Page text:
Robert R. Alfano

Professor of Science & Engineering

Robert R. Alfano, Ph.D., Distinguished Professor of Science and Engineering at City College and Graduate School, City University of New York, is a pioneer in the application of light and photonics technology to the study of ultrafast laser spectroscopy and biomedical systems. He is also a leading inventor of novel light sources.

His achievements include the discovery of the ultrafast supercontinuum light source (white-light continuum), first time-resolved measurement of optical phonon lifetime in a calcite crystal, invention of tetravalent chromium-based tunable solid-state lasers, and development of optical biomedical imaging and spectroscopic diagnostic techniques. Alfano's innovative application of fluorescence, excitation, and Raman spectroscopic techniques for distinguishing between normal and cancerous tissues and between benign and normal tumors opened up the field of optical biopsy. His seminal contributions in fundamentals of light propagation in turbid media led to the development of different gating techniques for sorting out image bearing photons for direct imaging of structures within biological tissues.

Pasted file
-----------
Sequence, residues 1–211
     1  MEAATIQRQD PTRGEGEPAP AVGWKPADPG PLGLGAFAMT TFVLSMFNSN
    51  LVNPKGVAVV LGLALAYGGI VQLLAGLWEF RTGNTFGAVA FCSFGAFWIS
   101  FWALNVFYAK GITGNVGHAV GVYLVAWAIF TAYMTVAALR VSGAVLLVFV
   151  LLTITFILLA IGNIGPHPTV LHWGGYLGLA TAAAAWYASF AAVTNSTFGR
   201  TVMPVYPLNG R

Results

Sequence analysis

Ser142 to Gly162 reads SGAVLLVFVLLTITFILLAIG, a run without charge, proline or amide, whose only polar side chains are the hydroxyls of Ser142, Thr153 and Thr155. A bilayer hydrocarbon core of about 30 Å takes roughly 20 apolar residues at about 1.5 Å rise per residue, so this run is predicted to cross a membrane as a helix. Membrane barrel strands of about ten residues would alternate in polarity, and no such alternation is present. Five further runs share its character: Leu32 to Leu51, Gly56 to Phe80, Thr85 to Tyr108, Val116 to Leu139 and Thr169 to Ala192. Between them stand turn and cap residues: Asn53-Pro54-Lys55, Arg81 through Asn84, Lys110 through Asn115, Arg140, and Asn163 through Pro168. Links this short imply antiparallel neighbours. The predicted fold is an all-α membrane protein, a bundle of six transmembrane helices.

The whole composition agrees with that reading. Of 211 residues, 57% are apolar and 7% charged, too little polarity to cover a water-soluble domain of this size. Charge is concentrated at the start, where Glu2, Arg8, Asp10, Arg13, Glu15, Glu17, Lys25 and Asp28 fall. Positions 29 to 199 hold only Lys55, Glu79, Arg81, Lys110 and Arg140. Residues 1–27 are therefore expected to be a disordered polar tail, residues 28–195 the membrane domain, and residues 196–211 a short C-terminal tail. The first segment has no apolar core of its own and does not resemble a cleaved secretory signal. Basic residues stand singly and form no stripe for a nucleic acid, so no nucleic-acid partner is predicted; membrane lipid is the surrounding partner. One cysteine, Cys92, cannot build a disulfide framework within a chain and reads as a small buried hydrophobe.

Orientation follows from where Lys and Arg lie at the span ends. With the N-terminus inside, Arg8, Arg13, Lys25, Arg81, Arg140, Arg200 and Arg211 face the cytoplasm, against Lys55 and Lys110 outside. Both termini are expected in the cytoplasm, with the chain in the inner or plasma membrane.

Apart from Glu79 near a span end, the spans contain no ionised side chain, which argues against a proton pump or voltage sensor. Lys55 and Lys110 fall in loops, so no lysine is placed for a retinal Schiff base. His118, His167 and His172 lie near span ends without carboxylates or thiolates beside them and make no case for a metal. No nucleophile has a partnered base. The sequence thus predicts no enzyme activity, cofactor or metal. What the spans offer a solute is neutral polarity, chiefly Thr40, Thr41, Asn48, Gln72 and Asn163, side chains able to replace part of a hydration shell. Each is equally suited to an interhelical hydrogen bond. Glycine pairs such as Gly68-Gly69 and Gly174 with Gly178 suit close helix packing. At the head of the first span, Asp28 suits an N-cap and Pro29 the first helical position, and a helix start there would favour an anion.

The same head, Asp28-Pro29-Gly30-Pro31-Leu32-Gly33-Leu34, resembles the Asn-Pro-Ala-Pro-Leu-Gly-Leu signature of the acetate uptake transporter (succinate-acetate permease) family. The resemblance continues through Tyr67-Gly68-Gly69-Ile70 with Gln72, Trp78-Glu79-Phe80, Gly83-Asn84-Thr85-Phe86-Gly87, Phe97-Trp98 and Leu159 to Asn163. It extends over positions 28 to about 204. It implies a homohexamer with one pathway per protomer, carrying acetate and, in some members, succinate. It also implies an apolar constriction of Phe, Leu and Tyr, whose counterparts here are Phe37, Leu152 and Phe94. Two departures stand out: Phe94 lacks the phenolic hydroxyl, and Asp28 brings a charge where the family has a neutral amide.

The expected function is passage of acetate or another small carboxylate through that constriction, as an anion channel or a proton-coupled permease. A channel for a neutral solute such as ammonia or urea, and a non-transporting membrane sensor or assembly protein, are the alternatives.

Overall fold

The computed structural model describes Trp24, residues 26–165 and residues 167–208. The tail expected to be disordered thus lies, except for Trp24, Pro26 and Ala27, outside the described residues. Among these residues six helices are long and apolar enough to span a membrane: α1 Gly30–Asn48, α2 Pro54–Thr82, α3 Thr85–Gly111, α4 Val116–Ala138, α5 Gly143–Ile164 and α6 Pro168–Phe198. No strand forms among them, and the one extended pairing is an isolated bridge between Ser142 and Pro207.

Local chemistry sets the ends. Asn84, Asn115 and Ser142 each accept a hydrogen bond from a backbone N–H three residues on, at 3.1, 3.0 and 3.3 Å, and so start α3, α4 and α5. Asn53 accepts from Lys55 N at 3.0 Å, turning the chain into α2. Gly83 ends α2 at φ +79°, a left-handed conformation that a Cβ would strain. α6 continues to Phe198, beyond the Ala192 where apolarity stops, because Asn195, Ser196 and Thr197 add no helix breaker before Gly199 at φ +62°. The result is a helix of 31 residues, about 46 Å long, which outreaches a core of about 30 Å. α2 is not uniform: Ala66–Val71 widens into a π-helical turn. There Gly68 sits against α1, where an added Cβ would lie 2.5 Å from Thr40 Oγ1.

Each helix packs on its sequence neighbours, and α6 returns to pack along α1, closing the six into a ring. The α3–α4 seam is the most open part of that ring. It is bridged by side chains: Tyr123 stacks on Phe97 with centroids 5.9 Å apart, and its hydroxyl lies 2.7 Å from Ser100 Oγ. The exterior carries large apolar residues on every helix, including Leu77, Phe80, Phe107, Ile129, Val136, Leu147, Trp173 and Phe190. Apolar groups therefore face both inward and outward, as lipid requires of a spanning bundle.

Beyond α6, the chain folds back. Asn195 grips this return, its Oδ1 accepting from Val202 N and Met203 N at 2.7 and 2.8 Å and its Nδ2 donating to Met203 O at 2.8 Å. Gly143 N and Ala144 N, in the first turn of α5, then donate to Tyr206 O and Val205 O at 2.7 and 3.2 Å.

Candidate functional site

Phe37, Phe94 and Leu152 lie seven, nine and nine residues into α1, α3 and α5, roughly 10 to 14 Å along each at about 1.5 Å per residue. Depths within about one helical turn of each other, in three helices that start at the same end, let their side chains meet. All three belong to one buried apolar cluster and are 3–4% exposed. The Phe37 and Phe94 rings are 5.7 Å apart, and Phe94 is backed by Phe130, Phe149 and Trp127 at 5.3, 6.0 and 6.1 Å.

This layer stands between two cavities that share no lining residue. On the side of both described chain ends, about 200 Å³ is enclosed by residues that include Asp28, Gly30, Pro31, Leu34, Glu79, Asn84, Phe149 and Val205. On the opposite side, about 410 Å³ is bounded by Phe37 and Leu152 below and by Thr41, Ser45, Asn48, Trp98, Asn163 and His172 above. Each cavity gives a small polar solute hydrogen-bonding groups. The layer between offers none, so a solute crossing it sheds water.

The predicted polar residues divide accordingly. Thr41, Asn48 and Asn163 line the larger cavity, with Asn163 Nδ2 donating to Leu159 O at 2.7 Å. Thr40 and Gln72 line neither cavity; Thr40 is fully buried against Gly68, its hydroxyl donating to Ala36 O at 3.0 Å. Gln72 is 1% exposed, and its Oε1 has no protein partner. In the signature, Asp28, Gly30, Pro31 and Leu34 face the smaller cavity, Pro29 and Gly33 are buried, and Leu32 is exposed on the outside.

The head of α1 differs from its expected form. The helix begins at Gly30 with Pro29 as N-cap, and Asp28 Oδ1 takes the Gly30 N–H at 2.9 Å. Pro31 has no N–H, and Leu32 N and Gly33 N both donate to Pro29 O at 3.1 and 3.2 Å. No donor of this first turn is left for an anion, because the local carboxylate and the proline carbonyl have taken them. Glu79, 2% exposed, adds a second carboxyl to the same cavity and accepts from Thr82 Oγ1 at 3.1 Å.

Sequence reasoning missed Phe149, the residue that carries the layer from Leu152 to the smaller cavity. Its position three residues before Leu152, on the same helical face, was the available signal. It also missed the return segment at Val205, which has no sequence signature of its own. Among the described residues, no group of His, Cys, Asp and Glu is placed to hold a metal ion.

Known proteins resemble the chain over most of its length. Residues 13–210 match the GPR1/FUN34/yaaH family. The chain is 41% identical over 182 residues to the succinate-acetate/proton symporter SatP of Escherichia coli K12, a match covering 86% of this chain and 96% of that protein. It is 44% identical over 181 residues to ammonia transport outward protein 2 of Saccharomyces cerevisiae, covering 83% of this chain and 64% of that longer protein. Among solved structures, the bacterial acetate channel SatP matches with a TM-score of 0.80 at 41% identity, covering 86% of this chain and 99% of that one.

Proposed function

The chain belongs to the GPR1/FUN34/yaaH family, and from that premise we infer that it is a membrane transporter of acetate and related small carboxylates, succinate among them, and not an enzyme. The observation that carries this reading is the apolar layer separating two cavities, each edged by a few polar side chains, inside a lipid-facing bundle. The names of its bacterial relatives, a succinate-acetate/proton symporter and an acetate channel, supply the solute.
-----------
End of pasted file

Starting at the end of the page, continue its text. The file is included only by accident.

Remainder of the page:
Alfano has published over 600 articles in refereed journals and holds 84 patents. He began his professional career as a research physicist at GTE Research Labs in Bayside, N.Y. in 1964. He joined City College of New York in 1972 as an associate professor, and continued to work for GTE as a visiting scientist until 1974. That same year, Alfano was named director of the university's Picosecond Laser and Spectroscopy Lab, and four years later, CUNY named him a full professor of physics. In 1983, he was promoted to Herbert Kayser Professor of Electrical Engineering, a position he held until 1987, when he was named a distinguished professor.

Alfano has served as director of the Institute for Ultrafast Spectroscopy and Lasers since 1982 and director of the New York State Center for Advanced Technology in Ultrafast Photonics since 1993.

Four organizations have named Alfano a Fellow: IEEE, the Optical Society of America, the American Physical Society, and the A.P. Sloan Foundation. Other recognitions include the Coherent Lifetime Achievement Award in Biophotonics, the Leonardo DaVinci Award, the Outstanding Italian-American Award for Science, and the Research Corporation Award. Just this year he also won the The Optical Society of America's Charles Hard Townes Award.